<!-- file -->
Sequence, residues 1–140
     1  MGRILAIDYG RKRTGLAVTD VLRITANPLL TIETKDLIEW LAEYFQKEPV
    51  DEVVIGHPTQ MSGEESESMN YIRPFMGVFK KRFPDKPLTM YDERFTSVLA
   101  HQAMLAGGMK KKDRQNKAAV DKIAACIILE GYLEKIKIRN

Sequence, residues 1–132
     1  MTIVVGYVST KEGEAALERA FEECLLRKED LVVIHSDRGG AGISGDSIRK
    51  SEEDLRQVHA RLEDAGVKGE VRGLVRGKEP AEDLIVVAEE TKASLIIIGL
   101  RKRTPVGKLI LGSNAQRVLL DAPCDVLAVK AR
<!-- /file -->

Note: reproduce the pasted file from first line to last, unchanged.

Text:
Sequence, residues 1–140
     1  MGRILAIDYG RKRTGLAVTD VLRITANPLL TIETKDLIEW LAEYFQKEPV
    51  DEVVIGHPTQ MSGEESESMN YIRPFMGVFK KRFPDKPLTM YDERFTSVLA
   101  HQAMLAGGMK KKDRQNKAAV DKIAACIILE GYLEKIKIRN

Sequence, residues 1–132
     1  MTIVVGYVST KEGEAALERA FEECLLRKED LVVIHSDRGG AGISGDSIRK
    51  SEEDLRQVHA RLEDAGVKGE VRGLVRGKEP AEDLIVVAEE TKASLIIIGL
   101  RKRTPVGKLI LGSNAQRVLL DAPCDVLAVK AR